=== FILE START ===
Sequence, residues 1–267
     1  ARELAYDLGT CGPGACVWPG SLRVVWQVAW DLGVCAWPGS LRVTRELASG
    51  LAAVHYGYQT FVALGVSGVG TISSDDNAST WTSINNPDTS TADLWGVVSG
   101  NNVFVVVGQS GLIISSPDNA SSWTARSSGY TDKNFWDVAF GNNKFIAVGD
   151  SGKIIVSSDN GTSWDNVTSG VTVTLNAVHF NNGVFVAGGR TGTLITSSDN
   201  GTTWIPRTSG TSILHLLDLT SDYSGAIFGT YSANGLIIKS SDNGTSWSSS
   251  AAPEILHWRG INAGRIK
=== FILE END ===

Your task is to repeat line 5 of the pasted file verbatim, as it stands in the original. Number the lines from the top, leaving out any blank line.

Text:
   151  SGKIIVSSDN GTSWDNVTSG VTVTLNAVHF NNGVFVAGGR TGTLITSSDN